Statistical Analysis of Influence of Soil Source on Leaching of Arsenic and Copper from CCA-C Treated Wood

Patricia Lebow, Richard Ziobro, Linda Sites, Tor Schultz, David Pettry, Darrel Nicholas, Stan Lebow, Pascal Kamdem, Roger Fox, Douglas Crawford

Abstract


Leaching of wood preservatives affects the long-term efficacy and environmental impact of treated wood. Soil properties and wood characteristics can affect leaching of wood preservatives, but these effects are not well understood. This paper reports a statistical analysis of the effects of soil and wood properties on leaching of arsenic (As) and copper (Cu) from southern yellow pine sapwood treated with chromated copper arsenate (CCA-C). Specimens were leached by an accelerated laboratory method for 12 weeks in soil obtained from different locations or in water. Loss of Cu and As was measured using X-ray fluorescence and correlated with various physical and chemical soil properties. Leaching was greater from specimens with higher initial As and Cu retentions. Average Cu loss was approximately equal to or greater than As loss for specimens exposed to soil; for specimens leached in water, As loss was about twice that of Cu loss. Generally, more Cu leaching occurred from specimens in soil contact compared to specimens in water, suggesting that ground-contact leaching studies of the new copper-rich systems should employ soil-based methods for realistic depletion measurements. The amount of As and Cu leached was influenced by soil properties. Depletion of Cu and As from CCA-treated wood appears to be differentially related to various soil properties as well as to initial As and Cu retention in the wood. This research will help develop a standard laboratory method for soil-contact leaching of metals from CCA and other copper-based preservative systems.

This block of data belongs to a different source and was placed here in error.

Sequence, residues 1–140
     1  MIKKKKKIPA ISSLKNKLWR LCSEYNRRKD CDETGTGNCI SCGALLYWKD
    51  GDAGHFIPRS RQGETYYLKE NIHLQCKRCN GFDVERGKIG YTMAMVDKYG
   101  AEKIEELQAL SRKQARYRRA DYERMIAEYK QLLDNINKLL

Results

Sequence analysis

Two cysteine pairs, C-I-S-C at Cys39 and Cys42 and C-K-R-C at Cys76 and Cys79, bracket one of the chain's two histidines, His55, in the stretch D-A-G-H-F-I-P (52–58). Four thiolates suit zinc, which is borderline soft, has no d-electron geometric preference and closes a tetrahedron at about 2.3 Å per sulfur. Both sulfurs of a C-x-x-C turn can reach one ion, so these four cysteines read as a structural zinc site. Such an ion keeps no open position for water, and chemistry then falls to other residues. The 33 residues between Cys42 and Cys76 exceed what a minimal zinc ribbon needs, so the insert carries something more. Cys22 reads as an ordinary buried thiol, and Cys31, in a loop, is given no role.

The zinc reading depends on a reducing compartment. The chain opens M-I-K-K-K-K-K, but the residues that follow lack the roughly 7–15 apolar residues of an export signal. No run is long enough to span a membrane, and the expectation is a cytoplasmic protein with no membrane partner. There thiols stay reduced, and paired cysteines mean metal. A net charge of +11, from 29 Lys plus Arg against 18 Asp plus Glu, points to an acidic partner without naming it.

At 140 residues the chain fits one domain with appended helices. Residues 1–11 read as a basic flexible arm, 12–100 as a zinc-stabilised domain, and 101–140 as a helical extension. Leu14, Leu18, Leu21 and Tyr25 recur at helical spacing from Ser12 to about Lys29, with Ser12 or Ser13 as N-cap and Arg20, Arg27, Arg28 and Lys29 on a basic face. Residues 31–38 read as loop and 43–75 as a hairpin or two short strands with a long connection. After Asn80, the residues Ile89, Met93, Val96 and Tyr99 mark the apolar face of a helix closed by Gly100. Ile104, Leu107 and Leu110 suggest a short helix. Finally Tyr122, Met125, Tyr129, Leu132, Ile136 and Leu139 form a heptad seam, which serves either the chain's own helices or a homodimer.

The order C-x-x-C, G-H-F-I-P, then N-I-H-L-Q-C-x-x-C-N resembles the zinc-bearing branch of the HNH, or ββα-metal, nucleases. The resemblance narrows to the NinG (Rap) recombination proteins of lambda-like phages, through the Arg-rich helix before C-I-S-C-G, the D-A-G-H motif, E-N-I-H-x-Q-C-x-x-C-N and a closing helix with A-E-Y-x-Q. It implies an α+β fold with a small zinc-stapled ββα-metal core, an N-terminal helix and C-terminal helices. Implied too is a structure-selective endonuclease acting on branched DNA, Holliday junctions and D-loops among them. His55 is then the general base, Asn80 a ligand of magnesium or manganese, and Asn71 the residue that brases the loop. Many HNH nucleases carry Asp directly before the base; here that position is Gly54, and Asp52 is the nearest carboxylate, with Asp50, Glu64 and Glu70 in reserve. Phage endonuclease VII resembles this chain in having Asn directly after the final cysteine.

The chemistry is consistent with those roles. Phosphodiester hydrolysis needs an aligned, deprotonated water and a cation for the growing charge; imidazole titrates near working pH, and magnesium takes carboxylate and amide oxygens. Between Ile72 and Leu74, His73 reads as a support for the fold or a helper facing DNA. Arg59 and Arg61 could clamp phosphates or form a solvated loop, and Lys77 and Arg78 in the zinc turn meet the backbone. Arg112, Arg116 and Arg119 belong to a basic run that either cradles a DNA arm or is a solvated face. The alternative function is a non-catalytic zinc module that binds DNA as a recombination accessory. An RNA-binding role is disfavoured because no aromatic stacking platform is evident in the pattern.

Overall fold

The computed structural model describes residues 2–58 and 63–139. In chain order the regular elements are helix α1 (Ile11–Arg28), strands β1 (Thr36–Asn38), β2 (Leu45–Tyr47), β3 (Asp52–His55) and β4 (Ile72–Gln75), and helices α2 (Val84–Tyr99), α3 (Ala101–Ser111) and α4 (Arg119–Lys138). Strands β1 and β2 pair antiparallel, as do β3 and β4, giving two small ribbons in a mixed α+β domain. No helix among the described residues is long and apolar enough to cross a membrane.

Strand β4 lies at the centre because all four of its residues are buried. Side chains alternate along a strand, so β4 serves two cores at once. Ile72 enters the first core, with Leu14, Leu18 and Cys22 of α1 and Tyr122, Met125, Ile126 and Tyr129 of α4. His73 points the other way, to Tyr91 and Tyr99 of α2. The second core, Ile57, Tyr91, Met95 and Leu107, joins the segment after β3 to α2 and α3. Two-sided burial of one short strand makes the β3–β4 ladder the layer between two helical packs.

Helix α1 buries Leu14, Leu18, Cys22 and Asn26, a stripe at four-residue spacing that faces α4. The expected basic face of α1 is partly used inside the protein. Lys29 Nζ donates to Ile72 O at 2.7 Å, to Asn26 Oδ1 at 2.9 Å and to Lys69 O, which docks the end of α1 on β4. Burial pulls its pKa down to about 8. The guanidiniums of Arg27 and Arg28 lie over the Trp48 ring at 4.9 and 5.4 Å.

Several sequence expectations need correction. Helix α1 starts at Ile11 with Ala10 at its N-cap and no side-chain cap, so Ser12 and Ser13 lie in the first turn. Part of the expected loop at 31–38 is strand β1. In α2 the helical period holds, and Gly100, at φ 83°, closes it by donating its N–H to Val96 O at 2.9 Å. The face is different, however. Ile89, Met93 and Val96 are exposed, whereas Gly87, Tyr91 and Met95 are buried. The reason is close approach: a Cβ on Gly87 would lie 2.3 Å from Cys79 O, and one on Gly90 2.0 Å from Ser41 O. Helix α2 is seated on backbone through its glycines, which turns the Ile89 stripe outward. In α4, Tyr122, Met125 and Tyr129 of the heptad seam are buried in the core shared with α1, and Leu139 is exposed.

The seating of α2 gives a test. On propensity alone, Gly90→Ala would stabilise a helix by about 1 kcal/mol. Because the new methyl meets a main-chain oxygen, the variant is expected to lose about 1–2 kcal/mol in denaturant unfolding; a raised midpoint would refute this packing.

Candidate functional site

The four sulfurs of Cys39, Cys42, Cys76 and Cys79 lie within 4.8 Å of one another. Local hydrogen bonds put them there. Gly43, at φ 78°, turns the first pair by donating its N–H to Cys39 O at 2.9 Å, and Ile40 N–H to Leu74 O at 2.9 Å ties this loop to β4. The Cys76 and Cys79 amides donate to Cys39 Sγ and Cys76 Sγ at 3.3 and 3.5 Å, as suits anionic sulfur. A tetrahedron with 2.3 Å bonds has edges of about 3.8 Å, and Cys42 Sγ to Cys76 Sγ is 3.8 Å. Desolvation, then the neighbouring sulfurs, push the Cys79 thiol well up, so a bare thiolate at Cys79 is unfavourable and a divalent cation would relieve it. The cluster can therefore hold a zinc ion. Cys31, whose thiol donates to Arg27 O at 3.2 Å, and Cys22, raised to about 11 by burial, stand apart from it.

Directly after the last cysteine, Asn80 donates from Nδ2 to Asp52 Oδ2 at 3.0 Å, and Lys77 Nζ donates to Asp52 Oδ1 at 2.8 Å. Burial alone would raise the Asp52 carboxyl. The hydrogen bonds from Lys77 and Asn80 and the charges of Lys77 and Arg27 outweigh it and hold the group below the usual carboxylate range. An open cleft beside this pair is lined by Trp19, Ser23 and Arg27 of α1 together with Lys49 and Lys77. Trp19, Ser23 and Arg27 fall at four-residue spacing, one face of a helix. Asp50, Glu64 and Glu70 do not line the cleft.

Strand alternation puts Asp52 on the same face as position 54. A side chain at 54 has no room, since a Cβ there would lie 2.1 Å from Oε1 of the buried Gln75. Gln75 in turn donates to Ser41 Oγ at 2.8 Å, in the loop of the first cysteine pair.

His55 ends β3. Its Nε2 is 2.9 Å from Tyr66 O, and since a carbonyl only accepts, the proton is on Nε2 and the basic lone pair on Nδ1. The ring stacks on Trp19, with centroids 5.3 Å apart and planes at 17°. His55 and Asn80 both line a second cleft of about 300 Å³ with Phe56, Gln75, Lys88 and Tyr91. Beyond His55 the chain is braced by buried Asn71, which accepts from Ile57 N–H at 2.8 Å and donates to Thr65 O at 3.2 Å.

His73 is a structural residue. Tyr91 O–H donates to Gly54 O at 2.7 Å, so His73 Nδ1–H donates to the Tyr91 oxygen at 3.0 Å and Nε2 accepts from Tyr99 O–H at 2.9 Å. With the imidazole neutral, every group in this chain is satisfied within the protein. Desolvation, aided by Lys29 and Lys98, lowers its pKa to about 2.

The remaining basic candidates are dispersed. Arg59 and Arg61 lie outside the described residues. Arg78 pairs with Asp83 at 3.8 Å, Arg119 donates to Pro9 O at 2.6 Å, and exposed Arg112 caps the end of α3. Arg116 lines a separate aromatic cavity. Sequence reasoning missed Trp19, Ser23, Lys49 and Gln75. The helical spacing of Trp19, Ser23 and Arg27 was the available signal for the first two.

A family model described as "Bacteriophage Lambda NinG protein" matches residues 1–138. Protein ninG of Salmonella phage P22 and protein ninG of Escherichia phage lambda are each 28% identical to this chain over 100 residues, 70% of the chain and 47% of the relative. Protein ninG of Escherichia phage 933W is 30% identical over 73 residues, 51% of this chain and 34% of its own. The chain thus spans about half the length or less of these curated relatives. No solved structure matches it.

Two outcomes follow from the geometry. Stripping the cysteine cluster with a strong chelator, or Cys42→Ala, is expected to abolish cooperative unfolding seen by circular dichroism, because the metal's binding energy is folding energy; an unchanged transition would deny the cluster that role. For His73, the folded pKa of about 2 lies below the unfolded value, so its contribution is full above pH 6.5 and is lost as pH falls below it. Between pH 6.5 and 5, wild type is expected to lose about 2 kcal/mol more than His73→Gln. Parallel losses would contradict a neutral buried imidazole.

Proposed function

Keywords


CCA-C;depletion;leaching;soil;wood preservative

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